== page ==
Information campaign

The U.S. and its allies also have to threaten North Korea with information, Bennett said. For instance, if North Korea fails to hand over its nuclear assets, the U.S. should drop information such as commercials on South Korean soap opera DVDs showing the failures of the North Korean regime. South Korean soap operas are extremely desirable in North Korea, he said. 

“They’re realizing that this is the normal lifestyle in South Korea, so it’s kind of this fairyland,” Bennett said. 

The U.S. should also be prepared to threaten North Korea, should it launch a missile, with dropping leaflets offering to give $500,000 to North Korean defectors who come to South Korea, a move that would make North Korea’s leader “furious,” Bennett said. 

“We need to be looking at ways that leverage him, the decision-maker, and don’t just hurt the people of North Korea,” Bennett said. 

0

What are the non-military options in North Korea?

North Korea’s test launch of an intercontinental ballistic missile (ICBM) on the Fourth of July is forcing the Trump administration to more seriously consider options for addressing the aggressive regime, as the president meets with Chinese President Xi Jinping at the G-20 summit in Germany this week.

U.S. Ambassador to the U.N. Nikki Haley in an emergency meeting of the U.N. Security Council said North Korea is “quickly closing off the possibility of a diplomatic solution,” U.S. military action is an option, and the U.S. will act alone if necessary. Mr. Trump last week said the time for “patience” with North Korea is “over.” [1]

But any military conflict in North Korea would “probably be the worst kind of fighting in most people’s lifetimes,” Defense Secretary James Mattis[2] told CBS News’ “Face the Nation” in May, and security experts warn North Korea could easily and immediately kill hundreds of thousands of people in nearby Seoul, South Korea. So, what are the options for addressing the “problem,” as Mr. Trump has put it, of North Korea and its leader, 33-year-old leader, Kim Jong-un?

The options

Security experts say the options are limited.

“Those who say there are no good options are absolutely correct,” said Christopher Hill, former U.S. Ambassador to South Korea who led the U.S. delegation in 2005 talks with North Korea about curtailing its nuclear program. He is now the dean of the Josef Korbel School of International Studies at the University of Denver.

“I consider this a very dangerous time,” Hill said.

 Cyber interference

The key is is to work in the “narrow” space between war and peace, the former ambassador said. The U.S. needs to cooperate with the Chinese on slowing the North Korean missile program. One way to do that is through cyber interference that disrupts the Korean regime and its missile system in a “clandestine” way, Hill said.

“Obviously the trouble with cyber is, the more you do it, the more prepared they are for the next attack,” Hill said.

Harry Krejsa, a fellow at the Center for a New American Security (CNAS) working in the Asia-Pacific Security Program, said the solution “boils down to finding some sort of diplomatic solution through hard-nosed dialogue or sanctions.”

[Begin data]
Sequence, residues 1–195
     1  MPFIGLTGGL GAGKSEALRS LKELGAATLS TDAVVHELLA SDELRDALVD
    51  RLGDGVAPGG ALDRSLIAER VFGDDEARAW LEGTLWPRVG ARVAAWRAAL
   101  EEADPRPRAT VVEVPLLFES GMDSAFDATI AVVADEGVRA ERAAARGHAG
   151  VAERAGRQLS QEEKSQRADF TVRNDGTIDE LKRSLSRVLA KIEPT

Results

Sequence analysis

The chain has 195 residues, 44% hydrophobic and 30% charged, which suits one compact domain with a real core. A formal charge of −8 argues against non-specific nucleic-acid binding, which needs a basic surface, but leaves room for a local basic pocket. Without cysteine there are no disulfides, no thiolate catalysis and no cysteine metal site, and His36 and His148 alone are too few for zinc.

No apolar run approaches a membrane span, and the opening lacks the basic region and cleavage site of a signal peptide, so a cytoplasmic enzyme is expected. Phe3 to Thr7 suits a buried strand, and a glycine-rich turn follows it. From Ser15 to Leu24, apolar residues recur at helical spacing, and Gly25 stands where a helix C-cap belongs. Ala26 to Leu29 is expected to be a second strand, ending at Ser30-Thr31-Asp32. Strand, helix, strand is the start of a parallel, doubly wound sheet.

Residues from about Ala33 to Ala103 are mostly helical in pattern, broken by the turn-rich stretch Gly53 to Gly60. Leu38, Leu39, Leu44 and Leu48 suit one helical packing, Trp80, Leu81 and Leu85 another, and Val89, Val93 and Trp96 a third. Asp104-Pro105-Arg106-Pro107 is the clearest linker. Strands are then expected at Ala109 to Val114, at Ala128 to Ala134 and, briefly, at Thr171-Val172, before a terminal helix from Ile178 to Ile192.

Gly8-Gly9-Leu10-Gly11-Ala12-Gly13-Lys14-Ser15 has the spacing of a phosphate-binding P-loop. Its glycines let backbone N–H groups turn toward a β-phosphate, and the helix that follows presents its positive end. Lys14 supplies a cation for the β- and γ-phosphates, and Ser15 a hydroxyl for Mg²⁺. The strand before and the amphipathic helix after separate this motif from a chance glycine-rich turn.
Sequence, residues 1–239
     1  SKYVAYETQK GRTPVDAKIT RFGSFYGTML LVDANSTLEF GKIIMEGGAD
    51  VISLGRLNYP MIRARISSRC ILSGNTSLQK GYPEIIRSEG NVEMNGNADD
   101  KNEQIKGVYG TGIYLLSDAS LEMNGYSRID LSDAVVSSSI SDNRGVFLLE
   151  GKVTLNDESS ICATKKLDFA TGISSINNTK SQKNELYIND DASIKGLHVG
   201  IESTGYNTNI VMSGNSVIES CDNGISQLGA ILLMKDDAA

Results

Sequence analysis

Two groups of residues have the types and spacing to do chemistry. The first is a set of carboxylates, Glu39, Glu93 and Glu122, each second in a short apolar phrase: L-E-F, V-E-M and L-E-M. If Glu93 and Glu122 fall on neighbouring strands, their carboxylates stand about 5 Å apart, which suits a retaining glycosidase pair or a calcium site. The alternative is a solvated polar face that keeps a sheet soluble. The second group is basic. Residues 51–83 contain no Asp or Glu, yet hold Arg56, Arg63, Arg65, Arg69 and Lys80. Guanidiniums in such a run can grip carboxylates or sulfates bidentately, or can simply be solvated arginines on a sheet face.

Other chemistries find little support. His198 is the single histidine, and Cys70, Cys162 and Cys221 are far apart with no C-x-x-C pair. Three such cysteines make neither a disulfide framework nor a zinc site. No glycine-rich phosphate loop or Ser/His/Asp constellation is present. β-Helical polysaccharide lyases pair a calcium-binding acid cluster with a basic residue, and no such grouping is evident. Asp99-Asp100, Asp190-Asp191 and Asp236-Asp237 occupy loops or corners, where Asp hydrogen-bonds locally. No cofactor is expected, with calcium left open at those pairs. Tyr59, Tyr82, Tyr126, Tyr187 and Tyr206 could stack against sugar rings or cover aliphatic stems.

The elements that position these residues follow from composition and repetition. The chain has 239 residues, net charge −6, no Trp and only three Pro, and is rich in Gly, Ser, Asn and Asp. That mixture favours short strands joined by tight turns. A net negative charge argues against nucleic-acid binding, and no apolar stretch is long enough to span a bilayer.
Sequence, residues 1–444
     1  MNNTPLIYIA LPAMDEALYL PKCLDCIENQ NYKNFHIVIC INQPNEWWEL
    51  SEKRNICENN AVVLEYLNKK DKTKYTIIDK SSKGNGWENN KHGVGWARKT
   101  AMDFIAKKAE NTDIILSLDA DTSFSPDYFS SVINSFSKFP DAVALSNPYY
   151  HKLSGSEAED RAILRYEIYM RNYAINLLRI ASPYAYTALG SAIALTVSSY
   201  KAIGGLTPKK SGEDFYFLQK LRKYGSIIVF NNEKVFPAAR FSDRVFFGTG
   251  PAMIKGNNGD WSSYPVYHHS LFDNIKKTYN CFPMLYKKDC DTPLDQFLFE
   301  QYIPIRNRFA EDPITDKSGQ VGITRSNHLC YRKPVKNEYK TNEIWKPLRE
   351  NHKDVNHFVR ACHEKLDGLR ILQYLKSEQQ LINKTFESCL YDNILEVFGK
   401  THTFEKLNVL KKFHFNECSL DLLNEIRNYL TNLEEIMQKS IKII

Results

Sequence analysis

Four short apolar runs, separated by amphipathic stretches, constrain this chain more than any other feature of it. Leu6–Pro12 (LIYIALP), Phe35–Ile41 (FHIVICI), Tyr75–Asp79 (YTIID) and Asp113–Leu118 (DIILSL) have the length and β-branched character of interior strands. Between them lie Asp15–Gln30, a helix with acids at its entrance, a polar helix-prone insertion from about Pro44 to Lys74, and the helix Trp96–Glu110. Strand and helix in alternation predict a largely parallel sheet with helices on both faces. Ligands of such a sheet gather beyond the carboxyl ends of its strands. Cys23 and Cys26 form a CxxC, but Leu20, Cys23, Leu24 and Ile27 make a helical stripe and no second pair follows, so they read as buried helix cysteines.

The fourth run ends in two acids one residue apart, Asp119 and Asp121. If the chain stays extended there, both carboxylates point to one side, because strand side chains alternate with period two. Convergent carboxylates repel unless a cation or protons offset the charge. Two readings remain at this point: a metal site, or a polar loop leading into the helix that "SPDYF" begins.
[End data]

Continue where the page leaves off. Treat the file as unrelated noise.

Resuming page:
Secondary sanctions

Direct sanctions aren’t really possible with North Korea, said Bruce Bennett, a senior international and defense researcher at the RAND Corporation in California. 

“Almost everything they do they do internally,” Bennett explained. 

Secondary sanctions — economic sanctions on a third-party nation, like China — are the probably the “next frontier,” Krejsa said. Roughly 90 percent of North Korea’s trade is with China. But the only thing China wants less than a nuclear-capable North Korea is a unified Korea, which could send refugees and an American military presence at its doorstep, Krejsa said. 

“We’re in this kind of catch-22 here,” Krejsa said — America needs to encourage China to confront the crisis in North Korea, while pressuring its economy. 

“I think there’s little that we could do to encourage China to see things our way,” Krejsa added. 

There is probably nothing the U.S. or other nations could offer that would make North Korea voluntarily give up its weapons system, Krejsa said, so any dialogue must be paired with coercive pressure. Negotiation attempts with North Korea have a “really, really poor history behind them,” Krejsa said. Every time the U.S. has reached some agreement with North Korea on scaling back or freezing their missile program, North Korea has walked away or violated the agreement.

“Almost all of our agreements have led to reversible conditions,” Bennett said.

That’s partly why agreements in the past have failed — the agreements have been reversible, Bennett said. The U.S. and other nations need to threaten North Korea to give up at least some of its nuclear weapons or face the peaceful dismantling of its regime, Bennett said. 

What about the IAEA?

Bennett suggested demanding that North Korea give up some weapons to the International Atomic Energy Agency (IAEA), an entity that could designate North Korea as a nuclear power — something the regime wants — while providing the U.S. and its allies with valuable intelligence about North Korea’s capabilities.

Information campaign

The U.S. and its allies also have to threaten North Korea with information, Bennett said. For instance, if North Korea fails to hand over its nuclear assets, the U.S. should drop information such as commercials on South Korean soap opera DVDs showing the failures of the North Korean regime. South Korean soap operas are extremely desirable in North Korea, he said.